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ISHS Acta Horticulturae 1140: Proceedings of the 2015 Annual Meeting of the International Plant Propagators' Society

Effect of ploidy level on vegetative propagation of two Prunus laurocerasus ‘Schipkaensis’ cytotypes©

Authors:   J. Schulze, R. Contreras
DOI:   10.17660/ActaHortic.2016.1140.45

Whole article as Abstract

Chromosome doubling (ploidy manipulation) is a useful tool in ornamental plant breeding. One application is reducing fertility of weedy species. While many studies have compared morphological variability between cytotypes (ploidy levels), we have found none that focused on rooting potential. A plant’s ability to root at a high percentage is an important consideration in determining its potential for large-scale production. Prunus laurocerasus L. ‘Schipkaensis’ is a common ornamental shrub widely used in the landscape. This study was conducted to determine if rooting potential varied between natural (2n=22x=176) and chromosome doubled (2n=44x=352) cytotypes of this cultivar.
Polyploid plants previously developed were confirmed using flow cytometry the spring before the current study was initiated. Cuttings of polyploids (44x) and standard cytotype (22x) were collected from Blue Heron Farm in Corvallis, Oregon, and from container-grown plants maintained in our program, respectively. In late July, 24 cuttings of each cytotype were collected and arranged in a randomized-block design with three blocks. All cuttings were dipped for 10 sec in a solution of 1000 ppm indole-3-butyric acid and 500 ppm 1-naphthaleneacetic acid (Woods Rooting Compound, Earth Science Products, Wilsonville, Oregon), and set in a perlite and Metro-Mix 840PC (SunGro Horticulture, Agawam, Massachusetts) (2:1, v/v) under intermittent mist. Cuttings were between 7.5 cm and 10 cm in length with 4 to 5 nodes. Three leaves were left on each cutting and these were bisected to reduce water loss.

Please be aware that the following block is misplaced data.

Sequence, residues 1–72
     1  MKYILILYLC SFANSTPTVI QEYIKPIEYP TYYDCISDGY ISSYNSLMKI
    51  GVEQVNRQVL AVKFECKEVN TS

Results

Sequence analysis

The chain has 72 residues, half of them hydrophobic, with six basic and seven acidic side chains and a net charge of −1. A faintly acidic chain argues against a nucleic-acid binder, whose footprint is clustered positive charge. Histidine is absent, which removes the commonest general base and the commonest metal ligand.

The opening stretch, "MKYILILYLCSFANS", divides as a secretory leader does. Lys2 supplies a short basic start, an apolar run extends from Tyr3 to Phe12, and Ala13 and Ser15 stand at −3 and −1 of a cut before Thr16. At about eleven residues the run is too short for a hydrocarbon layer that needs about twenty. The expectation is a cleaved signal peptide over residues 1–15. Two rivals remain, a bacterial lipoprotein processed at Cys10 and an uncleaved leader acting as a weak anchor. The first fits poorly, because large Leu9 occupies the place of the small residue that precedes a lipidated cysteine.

After 1 month, the polyploid and the standard cytotype showed rooting percentages of 87.5% and 62.5%, respectively. Average root length was not different between cytotypes, but average number of roots per rooted cutting was 16.2±1.8 and 27.1±3.6, respectively. The polyploid, while having fewer roots per cutting, rooted at a higher percentage with similar average root lengths. It is likely that large-scale propagation of this alternative cytotype is a viable option. Interestingly, block 1 showed evidence of an unknown pathogen that reduced the rooting percentages of both cytotypes. However, the polyploid showed fewer signs of disease while rooting at a higher percentage. This may indicate that the polyploid has increased disease resistance and, if so, represents an option to develop cultivars with improved resistance or tolerance to shothole disease.

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